Our last stop is a wander around the old fort at Tellicherry, where we cause quite a stir and have to pose for numerous photos with groups of young women.
We finally reach Kannur around 4.30. It takes a while to find our accommodation, Costa Malabari 2 on Thottada Beach, as it is tucked away down small winding laneways with absolutely no signage. But we bump into the Manager, Kurian, near Costa Malabari 1 and he hops onto his scooter and leads the way. We had been warned that the guesthouse was simple, but it was a bit more than simple. Basic might be a better descriptor. Costa Malabari is one of the original guest houses in the area, and I don’t think much has changed since they started. Brings back memories of my back packing days through India in my youth. But, it has cooling sea breezes, an unrestricted view of the Arabian Sea, the sound of the waves to lull you to sleep and a very genial host in Mr Kurian.
We are here on the lure of a semi private beach and the possibility of seeing a Theyyam ceremony. The semi private beach turns out to be a small patch of very muddy unenticing water. It would seem the rains have caused the water to become a bit of a mud bath. And the Theyyam ceremony is due to start in 10 minutes, so we fling ourselves back in the car and follow Kurian, a Theyyam expert, to a tiny local temple.
Theyyam is a very ancient ritual that is only performed in the Malabari area of Kerala. The one we see is relatively simple, with one ‘performer’, 3 drummers and a horn player, and only takes a couple of hours. Apparently they can have up to 10 characters and a much larger orchestra and can go for 24 hours! Thank God we got the abridged version as our interest did wane once we had seen the intricately painted and beautifully decorated performer, as we had no idea really what was going on. Although the drumming was mesmerising – how they keep up that tempo for that period time is mind boggling – and explains the buff bodies of the drummers! We escape after an hour and a half, whilst the locals are lined up for yet another blessing from the performer, who is now an incarnation of the temple’s deity. But, it was fascinating to see the decorations on the performer, which Kurian later, quite rightly, describes as a beautiful art form.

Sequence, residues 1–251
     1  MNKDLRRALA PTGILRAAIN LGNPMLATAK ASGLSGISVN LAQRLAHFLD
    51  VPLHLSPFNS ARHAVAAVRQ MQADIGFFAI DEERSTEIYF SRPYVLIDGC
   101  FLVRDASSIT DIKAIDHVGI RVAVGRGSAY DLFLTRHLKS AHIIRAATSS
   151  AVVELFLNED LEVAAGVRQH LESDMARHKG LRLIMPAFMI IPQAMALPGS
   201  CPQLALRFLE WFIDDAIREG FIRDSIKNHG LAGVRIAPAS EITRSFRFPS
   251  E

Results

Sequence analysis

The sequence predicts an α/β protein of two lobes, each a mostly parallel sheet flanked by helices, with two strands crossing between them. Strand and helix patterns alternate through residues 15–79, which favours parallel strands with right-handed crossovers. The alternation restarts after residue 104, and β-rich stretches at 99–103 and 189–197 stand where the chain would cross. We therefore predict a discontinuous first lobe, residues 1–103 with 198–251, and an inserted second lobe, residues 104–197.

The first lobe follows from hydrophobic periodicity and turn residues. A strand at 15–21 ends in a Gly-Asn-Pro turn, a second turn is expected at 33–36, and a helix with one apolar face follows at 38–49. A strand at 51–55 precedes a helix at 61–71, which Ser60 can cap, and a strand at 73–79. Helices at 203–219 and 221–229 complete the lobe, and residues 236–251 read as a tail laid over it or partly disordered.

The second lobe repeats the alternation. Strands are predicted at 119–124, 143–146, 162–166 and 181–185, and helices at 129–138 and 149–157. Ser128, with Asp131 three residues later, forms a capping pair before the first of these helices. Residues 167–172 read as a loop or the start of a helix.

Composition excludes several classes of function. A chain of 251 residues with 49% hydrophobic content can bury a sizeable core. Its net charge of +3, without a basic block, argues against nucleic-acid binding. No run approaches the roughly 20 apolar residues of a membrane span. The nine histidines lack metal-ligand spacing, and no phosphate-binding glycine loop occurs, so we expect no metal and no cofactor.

Theyyam done we have the next day completely free, and are determined not to set foot in the car, despite Rajesh’s attempts to lure us in. We set off on foot to explore some of the surrounding area, but don’t get very far due to the heat. The main beach is long, and empty.
The area is certainly becoming more developed, and there are some new and palatial private homes, plus a growing number of accommodation options. We end up taking refuge in one, Blue Mermaid, as the young owner sees us trying to work out a way to walk back to Costa Malabari through the network of small paths and grasses, and gestures us in to his beautifully maintained gardens, where we rest and take respite from the heat before walking back to Costa Malabari for our lunch (which is delicious by the way).
The afternoon is spent on the deck chairs on the front verandah. Plans to take another walk in the cooler late afternoon are scuppered by the deluge that arrives, and stays through dinner. Then it is early to bed, as we are leaving at 6.15 am so we can catch the 7.15 train from Kannur to Cochin.